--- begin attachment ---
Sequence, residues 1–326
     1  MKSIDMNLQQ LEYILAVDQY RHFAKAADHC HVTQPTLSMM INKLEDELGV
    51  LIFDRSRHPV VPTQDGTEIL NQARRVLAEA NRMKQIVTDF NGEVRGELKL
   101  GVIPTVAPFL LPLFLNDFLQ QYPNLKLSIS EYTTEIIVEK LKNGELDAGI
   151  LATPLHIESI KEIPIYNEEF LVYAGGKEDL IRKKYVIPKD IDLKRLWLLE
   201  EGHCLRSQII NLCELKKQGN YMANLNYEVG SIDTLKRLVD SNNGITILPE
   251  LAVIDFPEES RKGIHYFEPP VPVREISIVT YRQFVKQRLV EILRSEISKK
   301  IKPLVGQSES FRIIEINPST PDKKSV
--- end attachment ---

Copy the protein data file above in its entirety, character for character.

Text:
Sequence, residues 1–326
     1  MKSIDMNLQQ LEYILAVDQY RHFAKAADHC HVTQPTLSMM INKLEDELGV
    51  LIFDRSRHPV VPTQDGTEIL NQARRVLAEA NRMKQIVTDF NGEVRGELKL
   101  GVIPTVAPFL LPLFLNDFLQ QYPNLKLSIS EYTTEIIVEK LKNGELDAGI
   151  LATPLHIESI KEIPIYNEEF LVYAGGKEDL IRKKYVIPKD IDLKRLWLLE
   201  EGHCLRSQII NLCELKKQGN YMANLNYEVG SIDTLKRLVD SNNGITILPE
   251  LAVIDFPEES RKGIHYFEPP VPVREISIVT YRQFVKQRLV EILRSEISKK
   301  IKPLVGQSES FRIIEINPST PDKKSV